Hospitalizations due to unstable angina pectoris in diastolic and systolic heart failure.
Pubmed ID: 17293184
Pubmed Central ID: PMC2659173
Journal: The American journal of cardiology
Publication Date: Feb. 15, 2007
Affiliation: University of Alabama at Birmingham, Alabama, USA. email@example.com
MeSH Terms: Humans, Male, Female, Aged, Middle Aged, Heart Failure, Hospitalization, Systole, Incidence, Retrospective Studies, Diastole, Angina, Unstable
Grants: K23 AG019211, K23 AG019211-03, R01 HL085561, 1-R01-HL085561-01, K23 AG019211-04, P50-HL077100, R01 HL085561-01, 1-K23-AG19211-04, R37 AG018915, P50 HL077100
Authors: Love TE, Aronow WS, Ahmed A, Gheorghiade M, Young JB, Dell'Italia LJ, Rich MW, Zile MR, Adams KF, Fleg JL, Kitzman DW
Cite As: Ahmed A, Zile MR, Rich MW, Fleg JL, Adams KF Jr, Love TE, Young JB, Aronow WS, Kitzman DW, Gheorghiade M, Dell'Italia LJ. Hospitalizations due to unstable angina pectoris in diastolic and systolic heart failure. Am J Cardiol 2007 Feb 15;99(4):460-4. Epub 2006 Dec 21.
- Digitalis Investigation Group (DIG)
- Systolic Blood Pressure Intervention Trial (SPRINT)
- Systolic Blood Pressure Intervention Trial Primary Outcome Paper (SPRINT-POP) Data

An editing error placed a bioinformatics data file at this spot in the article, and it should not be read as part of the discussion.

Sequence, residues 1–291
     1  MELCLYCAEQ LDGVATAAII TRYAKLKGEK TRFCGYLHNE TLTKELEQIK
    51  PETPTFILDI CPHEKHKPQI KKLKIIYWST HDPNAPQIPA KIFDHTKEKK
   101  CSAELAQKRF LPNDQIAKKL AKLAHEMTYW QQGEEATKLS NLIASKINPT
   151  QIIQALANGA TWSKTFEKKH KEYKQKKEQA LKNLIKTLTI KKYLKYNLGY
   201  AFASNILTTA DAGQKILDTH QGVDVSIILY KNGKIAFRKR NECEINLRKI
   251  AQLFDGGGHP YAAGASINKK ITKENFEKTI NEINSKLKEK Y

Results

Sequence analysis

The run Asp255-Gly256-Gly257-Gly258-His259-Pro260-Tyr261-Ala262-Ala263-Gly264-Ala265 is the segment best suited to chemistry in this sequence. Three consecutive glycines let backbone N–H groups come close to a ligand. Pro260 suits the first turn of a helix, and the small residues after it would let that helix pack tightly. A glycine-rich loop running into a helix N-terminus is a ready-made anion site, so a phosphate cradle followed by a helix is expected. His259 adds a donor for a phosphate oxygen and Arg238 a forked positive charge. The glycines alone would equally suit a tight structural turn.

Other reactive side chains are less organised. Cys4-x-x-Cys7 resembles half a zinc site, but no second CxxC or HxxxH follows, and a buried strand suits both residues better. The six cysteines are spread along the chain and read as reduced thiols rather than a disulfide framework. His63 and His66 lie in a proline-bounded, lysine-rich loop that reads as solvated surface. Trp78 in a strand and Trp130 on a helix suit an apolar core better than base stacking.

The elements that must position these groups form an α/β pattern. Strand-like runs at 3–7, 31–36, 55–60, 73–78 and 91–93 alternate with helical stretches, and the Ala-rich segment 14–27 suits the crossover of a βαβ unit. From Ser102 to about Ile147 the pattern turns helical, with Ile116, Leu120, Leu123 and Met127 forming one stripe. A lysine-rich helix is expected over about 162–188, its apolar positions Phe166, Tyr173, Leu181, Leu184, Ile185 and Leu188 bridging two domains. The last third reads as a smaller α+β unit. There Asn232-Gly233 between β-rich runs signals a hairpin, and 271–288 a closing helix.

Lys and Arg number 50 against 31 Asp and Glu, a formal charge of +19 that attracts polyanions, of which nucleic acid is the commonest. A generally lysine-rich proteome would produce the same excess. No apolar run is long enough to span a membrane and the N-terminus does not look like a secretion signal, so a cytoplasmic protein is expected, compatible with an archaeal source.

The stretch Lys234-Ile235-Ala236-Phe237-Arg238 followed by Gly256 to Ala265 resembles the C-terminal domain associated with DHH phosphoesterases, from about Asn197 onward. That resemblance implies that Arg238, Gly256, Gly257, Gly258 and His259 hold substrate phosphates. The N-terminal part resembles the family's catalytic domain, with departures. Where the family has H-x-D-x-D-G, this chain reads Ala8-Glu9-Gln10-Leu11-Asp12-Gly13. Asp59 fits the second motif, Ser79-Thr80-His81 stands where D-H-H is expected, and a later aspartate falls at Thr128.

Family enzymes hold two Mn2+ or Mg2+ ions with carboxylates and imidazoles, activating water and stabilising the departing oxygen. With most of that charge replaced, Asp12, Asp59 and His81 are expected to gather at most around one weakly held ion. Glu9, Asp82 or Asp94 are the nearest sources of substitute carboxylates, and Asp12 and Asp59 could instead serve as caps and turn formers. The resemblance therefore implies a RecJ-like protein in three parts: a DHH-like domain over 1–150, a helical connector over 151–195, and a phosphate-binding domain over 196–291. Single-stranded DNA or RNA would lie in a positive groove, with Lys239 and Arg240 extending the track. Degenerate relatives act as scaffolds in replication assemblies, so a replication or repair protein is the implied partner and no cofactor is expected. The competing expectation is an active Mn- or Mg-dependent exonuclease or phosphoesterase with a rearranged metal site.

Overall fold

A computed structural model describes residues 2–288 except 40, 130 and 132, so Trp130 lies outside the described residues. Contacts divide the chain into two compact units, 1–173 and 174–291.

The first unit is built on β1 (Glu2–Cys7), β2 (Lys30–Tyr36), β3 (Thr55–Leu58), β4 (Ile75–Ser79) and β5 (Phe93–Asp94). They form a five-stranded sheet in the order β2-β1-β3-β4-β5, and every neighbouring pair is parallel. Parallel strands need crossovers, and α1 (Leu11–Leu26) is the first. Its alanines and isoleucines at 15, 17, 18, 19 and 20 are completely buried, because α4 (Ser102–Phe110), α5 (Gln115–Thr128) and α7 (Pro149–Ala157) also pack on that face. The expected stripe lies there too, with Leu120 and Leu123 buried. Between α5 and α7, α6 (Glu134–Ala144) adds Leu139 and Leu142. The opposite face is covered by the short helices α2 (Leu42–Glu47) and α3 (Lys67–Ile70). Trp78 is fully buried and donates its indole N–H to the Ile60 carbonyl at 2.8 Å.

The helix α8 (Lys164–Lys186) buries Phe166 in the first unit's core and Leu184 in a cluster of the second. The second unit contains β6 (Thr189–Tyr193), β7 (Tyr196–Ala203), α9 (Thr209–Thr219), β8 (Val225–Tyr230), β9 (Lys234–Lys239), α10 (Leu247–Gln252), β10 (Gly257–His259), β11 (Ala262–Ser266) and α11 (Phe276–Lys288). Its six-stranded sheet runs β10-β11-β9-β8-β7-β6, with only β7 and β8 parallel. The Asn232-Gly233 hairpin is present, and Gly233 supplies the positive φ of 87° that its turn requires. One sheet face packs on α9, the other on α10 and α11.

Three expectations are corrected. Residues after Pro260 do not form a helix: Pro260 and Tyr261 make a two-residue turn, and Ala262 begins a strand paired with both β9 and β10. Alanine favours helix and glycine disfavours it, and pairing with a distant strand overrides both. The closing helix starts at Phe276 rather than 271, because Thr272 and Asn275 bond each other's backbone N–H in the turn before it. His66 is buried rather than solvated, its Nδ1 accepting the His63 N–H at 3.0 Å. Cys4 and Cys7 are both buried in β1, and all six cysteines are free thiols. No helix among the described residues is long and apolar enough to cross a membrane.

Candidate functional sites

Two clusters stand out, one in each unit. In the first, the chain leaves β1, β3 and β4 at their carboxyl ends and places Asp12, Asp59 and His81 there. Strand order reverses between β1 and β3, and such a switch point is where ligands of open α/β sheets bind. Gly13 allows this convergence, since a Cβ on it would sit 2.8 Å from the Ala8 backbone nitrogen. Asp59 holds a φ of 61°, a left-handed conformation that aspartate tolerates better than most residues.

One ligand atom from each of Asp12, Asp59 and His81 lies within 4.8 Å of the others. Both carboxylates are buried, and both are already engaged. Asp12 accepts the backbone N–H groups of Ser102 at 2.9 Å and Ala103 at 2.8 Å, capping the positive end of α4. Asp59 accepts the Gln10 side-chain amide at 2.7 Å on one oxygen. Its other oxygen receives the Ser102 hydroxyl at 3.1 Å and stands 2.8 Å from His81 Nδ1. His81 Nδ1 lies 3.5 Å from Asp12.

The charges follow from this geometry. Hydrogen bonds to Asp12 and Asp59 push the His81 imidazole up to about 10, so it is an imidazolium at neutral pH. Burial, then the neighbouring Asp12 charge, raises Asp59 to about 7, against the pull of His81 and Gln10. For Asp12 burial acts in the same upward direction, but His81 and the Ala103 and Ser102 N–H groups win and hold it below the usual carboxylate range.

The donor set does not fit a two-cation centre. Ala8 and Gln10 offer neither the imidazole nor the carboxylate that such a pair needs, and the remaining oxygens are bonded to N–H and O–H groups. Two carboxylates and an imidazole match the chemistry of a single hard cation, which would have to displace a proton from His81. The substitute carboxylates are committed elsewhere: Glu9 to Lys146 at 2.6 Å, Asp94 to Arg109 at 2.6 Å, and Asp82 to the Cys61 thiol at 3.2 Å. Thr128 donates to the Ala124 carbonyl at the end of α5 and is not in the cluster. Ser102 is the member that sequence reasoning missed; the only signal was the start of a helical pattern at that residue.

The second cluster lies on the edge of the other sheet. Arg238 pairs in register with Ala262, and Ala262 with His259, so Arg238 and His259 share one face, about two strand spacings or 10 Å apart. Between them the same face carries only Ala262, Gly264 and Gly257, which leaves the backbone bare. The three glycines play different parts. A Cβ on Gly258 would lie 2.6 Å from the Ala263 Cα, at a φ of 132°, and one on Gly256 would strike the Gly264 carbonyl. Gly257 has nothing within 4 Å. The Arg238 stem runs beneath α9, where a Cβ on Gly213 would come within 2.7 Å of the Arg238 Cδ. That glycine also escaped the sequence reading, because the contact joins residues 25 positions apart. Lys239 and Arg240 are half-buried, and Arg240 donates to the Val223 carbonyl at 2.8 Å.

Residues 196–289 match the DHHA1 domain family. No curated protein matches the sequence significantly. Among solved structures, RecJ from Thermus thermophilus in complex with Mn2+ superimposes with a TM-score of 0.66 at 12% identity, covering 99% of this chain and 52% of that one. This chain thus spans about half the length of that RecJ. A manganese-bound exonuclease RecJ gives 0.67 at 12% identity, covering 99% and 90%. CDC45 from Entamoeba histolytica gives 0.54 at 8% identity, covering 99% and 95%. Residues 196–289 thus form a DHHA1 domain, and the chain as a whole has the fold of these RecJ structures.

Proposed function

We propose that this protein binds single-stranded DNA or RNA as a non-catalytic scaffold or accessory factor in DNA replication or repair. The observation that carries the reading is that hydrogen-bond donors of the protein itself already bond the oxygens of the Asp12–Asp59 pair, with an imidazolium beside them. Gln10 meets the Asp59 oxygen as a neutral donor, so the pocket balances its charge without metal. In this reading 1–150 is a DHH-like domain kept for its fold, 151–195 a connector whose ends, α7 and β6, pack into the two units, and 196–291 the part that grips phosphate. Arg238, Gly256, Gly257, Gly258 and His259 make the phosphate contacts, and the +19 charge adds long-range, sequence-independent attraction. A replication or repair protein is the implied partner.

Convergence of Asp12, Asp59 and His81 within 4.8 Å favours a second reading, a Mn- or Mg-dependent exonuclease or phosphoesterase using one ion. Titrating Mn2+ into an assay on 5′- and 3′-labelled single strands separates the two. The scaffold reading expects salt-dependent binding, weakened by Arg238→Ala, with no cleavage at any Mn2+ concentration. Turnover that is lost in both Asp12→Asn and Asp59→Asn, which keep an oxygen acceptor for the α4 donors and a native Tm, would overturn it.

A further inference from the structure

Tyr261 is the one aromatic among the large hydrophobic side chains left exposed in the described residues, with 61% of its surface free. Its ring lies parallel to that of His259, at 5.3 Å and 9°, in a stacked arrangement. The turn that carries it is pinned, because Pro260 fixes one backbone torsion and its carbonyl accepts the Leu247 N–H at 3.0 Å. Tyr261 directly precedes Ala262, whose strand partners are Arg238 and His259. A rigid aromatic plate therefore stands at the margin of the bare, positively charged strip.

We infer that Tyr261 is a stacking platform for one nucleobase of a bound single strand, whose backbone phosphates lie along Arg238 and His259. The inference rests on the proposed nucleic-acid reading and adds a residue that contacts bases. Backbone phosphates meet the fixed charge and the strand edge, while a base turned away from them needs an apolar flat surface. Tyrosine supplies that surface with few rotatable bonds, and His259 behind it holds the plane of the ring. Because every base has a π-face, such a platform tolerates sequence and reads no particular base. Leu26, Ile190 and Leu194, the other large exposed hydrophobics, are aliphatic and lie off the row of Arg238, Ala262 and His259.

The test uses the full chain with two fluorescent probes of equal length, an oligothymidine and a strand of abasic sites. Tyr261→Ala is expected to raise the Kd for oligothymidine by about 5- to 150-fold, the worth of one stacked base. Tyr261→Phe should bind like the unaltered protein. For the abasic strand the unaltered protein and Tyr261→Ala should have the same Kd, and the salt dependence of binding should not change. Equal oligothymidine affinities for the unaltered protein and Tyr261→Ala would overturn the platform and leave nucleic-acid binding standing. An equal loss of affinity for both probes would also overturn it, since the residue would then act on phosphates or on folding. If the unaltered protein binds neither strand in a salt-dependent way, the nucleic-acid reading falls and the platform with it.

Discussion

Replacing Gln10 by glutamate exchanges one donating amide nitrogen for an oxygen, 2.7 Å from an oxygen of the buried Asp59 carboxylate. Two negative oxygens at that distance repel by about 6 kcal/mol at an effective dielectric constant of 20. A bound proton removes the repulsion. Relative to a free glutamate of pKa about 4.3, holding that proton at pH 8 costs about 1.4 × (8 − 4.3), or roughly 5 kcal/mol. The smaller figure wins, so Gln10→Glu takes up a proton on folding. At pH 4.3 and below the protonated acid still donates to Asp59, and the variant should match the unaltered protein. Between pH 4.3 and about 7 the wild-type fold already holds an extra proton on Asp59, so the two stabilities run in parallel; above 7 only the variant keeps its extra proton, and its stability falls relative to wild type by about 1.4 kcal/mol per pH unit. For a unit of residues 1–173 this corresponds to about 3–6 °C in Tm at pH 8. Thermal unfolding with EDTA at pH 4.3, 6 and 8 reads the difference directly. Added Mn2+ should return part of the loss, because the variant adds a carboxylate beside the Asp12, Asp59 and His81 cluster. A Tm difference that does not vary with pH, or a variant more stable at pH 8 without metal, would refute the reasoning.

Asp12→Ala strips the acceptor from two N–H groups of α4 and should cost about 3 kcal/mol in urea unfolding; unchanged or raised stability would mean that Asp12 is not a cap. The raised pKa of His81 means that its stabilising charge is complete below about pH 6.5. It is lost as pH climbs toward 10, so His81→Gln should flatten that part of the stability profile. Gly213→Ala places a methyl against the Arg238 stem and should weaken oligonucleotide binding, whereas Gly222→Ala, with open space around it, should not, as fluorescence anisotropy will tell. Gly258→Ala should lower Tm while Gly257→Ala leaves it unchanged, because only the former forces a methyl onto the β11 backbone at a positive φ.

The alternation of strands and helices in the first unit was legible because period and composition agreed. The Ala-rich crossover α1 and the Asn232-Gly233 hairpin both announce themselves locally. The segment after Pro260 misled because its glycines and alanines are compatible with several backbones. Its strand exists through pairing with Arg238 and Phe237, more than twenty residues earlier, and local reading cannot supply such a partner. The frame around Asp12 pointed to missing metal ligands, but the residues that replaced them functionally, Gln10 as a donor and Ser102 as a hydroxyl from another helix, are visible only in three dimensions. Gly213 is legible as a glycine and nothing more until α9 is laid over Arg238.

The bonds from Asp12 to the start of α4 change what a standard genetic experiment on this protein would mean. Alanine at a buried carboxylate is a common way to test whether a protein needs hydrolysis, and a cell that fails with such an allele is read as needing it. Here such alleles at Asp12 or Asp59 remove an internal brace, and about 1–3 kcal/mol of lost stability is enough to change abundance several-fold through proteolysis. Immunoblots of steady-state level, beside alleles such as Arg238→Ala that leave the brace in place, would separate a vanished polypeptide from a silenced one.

Patients with diastolic heart failure (HF), i.e., clinical HF with normal or near normal left ventricular ejection fraction (LVEF), may develop unstable angina pectoris (UAP) due to epicardial atherosclerotic coronary artery disease and/or to subendocardial ischemia, even in the absence of coronary artery disease. However, the risk of UAP in ambulatory patients with diastolic HF has not been well studied. We examined incident hospitalizations due to UAP in 916 patients with diastolic HF (LVEF >45%) without significant valvular heart disease and 6,800 patients with systolic HF (LVEF <or=45%) in the Digitalis Investigation Group trial. During a 38-month median follow-up, 12% of patients (797 of 6,800) with systolic HF (incidence rate 435 per 10,000 person-years) and 15% of patients (138 of 916) with diastolic HF (incidence rate 536 per 10,000 person-years) were hospitalized for UAP (adjusted hazard ratio for diastolic HF 1.22, 95% confidence interval [CI] 1.02 to 1.47, p = 0.032). There was a graded increase in incident hospital admissions for UAP with increasing LVEF. Hospitalizations for UAP occurred in 11% (520 of 4,808, incidence rate 407 per 10,000 person-years), 14% (355 of 2,556, incidence rate 496 per 10,000 person-years), and 17% (60 of 352, incidence rate 613 per 10,000 person-years) of patients with HF, respectively, with LVEF values <35%, 35% to 55%, and >55%. Compared with patients with HF and an LVEF <35%, the adjusted hazard ratios for UAP hospitalization in those with LVEF values 35% to 55% and >55% were, respectively, 1.17 (95% CI 1.02 to 1.34, p = 0.028) and 1.57 (95% CI 1.20 to 2.07, p = 0.026). In conclusion, in ambulatory patients with chronic HF, a higher LVEF was associated with increased risk of hospitalizations due to UAP. As in patients with systolic HF, those with diastolic HF should be routinely evaluated for myocardial ischemia and managed accordingly.